Intake of rTFA is not associated with cardiovascular risk In the review eight epidemiological studies of the association between rTFA and risk of CHD including three case-control studies are discussed. In a cross-sectional study no correlation was found between rTFA intake and CHD risk. In one case-control study raised levels of markers of rTFA were found while in another case-control study no correlation was found and in the third one rTFA intake was found to protect against myocardial infarctions. The four remaining epidemiological studies discussed were prospective cohort studies. The results of these studies were combined in a recent meta-analysis (7). Total mean TFA intake, which ranged in the studies from 2.8 to 10 g/day, was associated with a significant (33%) increase of the risk of CGD incidents (P = 0.002) and a 24% increase in CHD mortality (P = 0.003). Man intake of rTFA, which ranged in the studies from 0.5 to 1.9 g/day, was not associated with CHD risk (P = 0.36). Gebauer et al. also discuss in their review clinical studies of the effects of intake of iTFA and rTFA on levels of cardiovascular risk factors. To bring iTFA and rTFA to a comparable level, dairy products were used from milk from cows on adapted feed so that their milk had higher-than-usual rTFA levels. A recent review of these intervention studies published in PLoS One (8) presented the conclusion that all TFA raise the LDL/HDL-cholesterol ratio. However, a comment published in PLoS One (9) mentions that this conclusion is not corroborated by all available data. A WHO report (10) concludes that too few clinical studies have been conducted to date to justify solid conclusions. Since a normal diet contains slight quantities of rTFA, Gebauer et al. state, such conclusions are not very relevant after all.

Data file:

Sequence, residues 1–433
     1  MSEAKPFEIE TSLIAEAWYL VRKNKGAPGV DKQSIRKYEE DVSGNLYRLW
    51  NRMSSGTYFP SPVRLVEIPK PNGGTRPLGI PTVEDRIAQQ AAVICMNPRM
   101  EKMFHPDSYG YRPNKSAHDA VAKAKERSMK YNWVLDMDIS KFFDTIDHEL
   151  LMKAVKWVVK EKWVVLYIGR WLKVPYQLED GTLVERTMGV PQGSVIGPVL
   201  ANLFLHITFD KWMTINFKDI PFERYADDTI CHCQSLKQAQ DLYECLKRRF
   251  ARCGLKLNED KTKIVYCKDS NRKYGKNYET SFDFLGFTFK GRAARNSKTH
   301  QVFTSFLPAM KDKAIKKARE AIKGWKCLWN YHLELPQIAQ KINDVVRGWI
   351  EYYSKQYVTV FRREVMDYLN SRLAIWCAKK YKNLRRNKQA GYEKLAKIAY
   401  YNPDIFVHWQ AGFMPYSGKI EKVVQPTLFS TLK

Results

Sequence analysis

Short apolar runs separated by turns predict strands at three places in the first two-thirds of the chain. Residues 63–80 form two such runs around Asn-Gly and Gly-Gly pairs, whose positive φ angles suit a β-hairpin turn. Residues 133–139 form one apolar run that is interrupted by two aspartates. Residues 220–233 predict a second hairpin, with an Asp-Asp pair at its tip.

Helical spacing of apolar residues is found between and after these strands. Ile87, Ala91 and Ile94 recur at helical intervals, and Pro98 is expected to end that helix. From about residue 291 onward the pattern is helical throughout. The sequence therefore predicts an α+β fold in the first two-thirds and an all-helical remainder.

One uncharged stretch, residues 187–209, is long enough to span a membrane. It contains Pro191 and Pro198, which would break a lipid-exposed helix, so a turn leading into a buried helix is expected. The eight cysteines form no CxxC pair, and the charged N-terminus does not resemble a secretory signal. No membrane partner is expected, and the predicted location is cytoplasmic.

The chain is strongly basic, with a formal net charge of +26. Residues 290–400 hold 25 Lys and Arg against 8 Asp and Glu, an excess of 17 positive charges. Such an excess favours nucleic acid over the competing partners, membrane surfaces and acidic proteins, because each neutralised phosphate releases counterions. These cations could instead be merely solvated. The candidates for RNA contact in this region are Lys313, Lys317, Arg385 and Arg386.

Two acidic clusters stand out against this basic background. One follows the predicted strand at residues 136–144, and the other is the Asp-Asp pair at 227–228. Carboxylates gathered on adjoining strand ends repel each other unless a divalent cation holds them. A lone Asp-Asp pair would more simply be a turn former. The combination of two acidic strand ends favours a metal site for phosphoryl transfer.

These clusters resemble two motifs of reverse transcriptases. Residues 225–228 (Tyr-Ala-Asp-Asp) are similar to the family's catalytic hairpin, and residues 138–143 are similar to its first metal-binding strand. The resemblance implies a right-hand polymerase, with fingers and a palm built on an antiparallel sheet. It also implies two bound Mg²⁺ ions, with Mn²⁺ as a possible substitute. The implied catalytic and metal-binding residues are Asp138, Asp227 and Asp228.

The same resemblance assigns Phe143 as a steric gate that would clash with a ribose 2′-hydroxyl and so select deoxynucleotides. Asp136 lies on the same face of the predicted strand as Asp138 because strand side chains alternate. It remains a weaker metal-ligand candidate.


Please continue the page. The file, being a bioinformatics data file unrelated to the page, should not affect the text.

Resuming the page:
Effect of rTFA on cancer risk is unclear Seven epidemiological studies have been devoted to the effect of rTFA on cancer risk. In five of these studies the effect of vaccenic acid intake was investigated, in two studies the effect of intake of conjugated linoleic acid (CLA) and in two studies the effects of both vaccenic acid and CLA. In three of the case-control studies a positive correlation was found between serum or erythrocyte vaccenic acid levels and the risk of breast or prostate cancer, and in one study an inverse association was found between serum vaccenic acid levels and breast cancer risk. In the Netherlands Cohort Study on Diet and Cancer, after multivariate correction for possible confounders, intake of vaccenic acid was found to correlate with a raised risk of breast cancer. However, breast cancer risk was not associated with intake of animal fat or consumption of milk, dairy products or ruminant meat, which are the main dietary sources of vaccenic acid. In the paper on that cohort study the authors point to the fact that no information was available about the effect of moments of intake. In one of the epidemiological CLA studies (12) an inverse correlation was found between CLA intake and risk of colorectal cancer. Women who used four or more servings of full-cream dairy products per day had a 41% lower risk of colorectal cancer than women who used less than one serving per day; the risk was 29% lower for women in the highest than for women in the lowest quartile. In another study serum CLA levels were found to be significantly lower in postmenopausal breast cancer patients than in healthy postmenopausal women. The two remaining epidemiological CLA studies did not find a correlation between either dietary CLA intake or CLA incorporated in adipose tissue with breast cancer risk. No clinical studies have been devoted to date to the effect of rTFA intake and risk of development of cancer.